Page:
La quimera de la unión de mercados de capitales europea

LONDRES – La supervivencia de la eurozona vuelve a estar en duda: Grecia exige una condonación de deuda y el fin de la austeridad… o atenerse a las consecuencias. Y mientras la unión monetaria europea corre riesgo y la unión bancaria está en pañales, la creatividad inagotable de la Comisión Europea ya está embarcándose en una nueva aventura: algo denominado “unión de mercados de capitales”.

Lo de “denominado” es literal, porque aunque todavía no se conocen los detalles del proyecto, es casi seguro que no pretende crear un mercado único europeo de capitales. De hecho, los líderes de la Unión Europea se cuidan muy bien de anunciar algo tan ambicioso, ya que obligaría a una modificación de los tratados de la unión (una caja de Pandora que nadie quiere arriesgarse a abrir). Al fin y al cabo, los votantes europeos no están de humor para transferir más poderes a Bruselas.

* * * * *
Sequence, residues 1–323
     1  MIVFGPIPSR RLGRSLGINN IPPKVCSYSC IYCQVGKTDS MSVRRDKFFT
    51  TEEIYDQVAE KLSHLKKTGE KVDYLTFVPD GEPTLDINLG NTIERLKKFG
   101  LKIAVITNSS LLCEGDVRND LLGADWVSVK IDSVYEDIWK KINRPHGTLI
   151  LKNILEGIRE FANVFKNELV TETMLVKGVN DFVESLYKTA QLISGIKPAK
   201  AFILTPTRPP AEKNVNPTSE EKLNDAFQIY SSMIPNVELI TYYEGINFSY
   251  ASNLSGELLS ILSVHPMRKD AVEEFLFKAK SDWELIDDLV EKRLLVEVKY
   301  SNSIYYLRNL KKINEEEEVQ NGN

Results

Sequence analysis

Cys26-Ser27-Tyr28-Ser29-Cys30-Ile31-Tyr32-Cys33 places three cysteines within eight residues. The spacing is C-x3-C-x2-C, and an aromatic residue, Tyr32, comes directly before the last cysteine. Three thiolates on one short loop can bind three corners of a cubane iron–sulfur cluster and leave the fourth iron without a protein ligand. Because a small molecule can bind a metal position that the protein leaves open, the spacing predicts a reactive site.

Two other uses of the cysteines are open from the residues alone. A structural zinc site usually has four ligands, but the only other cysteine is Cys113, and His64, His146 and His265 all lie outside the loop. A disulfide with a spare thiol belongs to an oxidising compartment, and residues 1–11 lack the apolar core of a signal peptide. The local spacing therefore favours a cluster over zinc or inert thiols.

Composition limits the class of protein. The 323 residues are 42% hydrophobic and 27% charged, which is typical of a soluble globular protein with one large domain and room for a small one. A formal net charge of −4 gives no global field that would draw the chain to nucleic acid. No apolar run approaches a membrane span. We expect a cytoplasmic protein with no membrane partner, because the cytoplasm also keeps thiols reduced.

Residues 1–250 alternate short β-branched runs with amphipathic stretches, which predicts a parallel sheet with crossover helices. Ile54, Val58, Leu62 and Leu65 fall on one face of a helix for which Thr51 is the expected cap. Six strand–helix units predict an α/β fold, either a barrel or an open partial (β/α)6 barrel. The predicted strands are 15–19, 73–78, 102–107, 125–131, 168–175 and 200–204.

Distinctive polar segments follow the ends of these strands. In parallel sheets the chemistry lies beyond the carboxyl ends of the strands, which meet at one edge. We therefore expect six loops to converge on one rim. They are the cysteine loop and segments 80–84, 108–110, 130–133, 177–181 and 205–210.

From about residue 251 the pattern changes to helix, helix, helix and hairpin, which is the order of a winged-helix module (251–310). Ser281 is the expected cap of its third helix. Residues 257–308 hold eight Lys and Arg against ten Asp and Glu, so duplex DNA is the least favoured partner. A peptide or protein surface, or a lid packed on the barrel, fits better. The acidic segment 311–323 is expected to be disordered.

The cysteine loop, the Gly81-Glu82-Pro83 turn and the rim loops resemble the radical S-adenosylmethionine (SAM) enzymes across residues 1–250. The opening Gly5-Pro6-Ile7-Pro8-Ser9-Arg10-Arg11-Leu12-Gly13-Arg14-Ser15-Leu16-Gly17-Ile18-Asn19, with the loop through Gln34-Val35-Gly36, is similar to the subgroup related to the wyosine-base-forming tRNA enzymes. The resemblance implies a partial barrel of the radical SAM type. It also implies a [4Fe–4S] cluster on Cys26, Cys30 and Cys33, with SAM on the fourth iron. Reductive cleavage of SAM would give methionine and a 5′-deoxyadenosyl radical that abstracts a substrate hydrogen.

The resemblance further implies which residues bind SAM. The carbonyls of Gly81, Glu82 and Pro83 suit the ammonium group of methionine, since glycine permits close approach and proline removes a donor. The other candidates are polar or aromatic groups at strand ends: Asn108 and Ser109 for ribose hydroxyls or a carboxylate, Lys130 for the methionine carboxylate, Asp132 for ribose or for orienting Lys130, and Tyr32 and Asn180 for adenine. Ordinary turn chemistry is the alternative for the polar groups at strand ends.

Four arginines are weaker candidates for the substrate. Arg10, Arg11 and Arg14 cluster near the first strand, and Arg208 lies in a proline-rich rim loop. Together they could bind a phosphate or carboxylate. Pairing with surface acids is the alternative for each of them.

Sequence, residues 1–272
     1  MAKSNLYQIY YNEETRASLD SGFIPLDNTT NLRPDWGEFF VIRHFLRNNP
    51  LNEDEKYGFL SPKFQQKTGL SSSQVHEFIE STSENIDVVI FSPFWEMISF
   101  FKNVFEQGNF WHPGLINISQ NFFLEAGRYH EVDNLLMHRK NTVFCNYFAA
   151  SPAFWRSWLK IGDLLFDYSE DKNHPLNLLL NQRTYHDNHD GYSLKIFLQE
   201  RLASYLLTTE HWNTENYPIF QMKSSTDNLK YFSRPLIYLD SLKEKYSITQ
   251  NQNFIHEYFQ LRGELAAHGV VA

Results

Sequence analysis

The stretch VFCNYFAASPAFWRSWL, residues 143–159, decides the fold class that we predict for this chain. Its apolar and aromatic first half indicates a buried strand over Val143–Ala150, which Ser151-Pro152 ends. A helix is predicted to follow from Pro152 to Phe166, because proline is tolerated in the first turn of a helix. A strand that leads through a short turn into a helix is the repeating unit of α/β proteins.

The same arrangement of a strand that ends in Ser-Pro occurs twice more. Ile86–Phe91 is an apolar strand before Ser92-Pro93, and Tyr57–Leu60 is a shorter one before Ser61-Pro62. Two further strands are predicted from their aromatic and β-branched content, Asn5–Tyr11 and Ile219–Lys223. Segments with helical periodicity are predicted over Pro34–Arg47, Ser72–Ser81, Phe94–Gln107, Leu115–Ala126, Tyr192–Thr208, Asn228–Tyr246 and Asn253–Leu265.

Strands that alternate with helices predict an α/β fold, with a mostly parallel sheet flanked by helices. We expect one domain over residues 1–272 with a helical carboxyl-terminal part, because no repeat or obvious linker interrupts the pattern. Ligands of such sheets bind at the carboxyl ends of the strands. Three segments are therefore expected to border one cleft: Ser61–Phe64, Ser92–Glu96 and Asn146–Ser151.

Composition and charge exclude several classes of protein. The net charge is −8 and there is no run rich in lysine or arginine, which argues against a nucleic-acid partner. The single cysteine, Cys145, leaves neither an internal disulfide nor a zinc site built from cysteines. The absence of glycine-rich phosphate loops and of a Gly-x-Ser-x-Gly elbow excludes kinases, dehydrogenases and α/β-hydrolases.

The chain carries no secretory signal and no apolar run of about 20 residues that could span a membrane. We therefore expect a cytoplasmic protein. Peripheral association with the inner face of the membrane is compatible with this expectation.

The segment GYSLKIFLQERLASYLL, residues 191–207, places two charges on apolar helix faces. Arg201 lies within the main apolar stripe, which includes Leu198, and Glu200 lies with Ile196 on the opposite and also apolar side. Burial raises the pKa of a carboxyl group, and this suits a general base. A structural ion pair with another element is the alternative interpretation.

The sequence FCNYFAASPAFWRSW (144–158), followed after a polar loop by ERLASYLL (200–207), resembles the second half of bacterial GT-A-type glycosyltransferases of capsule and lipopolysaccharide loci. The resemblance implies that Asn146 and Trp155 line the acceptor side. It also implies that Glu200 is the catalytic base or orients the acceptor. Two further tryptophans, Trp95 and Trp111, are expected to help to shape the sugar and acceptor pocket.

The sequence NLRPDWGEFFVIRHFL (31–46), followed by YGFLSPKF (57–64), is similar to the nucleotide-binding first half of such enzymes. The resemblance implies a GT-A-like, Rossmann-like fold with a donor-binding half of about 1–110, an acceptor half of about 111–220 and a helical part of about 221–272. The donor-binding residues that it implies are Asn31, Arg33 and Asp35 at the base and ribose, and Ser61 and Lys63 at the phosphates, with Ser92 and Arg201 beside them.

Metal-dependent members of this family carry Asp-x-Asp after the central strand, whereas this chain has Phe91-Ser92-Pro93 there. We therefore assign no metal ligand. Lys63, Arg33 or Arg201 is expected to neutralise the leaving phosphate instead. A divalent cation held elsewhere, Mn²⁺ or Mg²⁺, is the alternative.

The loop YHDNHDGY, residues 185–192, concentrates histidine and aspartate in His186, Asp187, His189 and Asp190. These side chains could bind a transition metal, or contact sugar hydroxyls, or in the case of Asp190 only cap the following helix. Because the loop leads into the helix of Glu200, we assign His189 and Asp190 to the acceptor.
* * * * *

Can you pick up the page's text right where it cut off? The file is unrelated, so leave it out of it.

La unión de mercados de capitales empezó como un eslogan, idea de uno de los subordinados del presidente de la Comisión Europea, Jean-Claude Juncker. Ahora, le encomendaron al nuevo comisario europeo de servicios financieros, el británico Lord Jonathan Hill, la nada envidiable tarea de ponerlo en práctica. La Comisión convocó a una ronda de consultas (“libro verde”) para tratar el asunto, pero hasta ahora hay más dudas que certezas.

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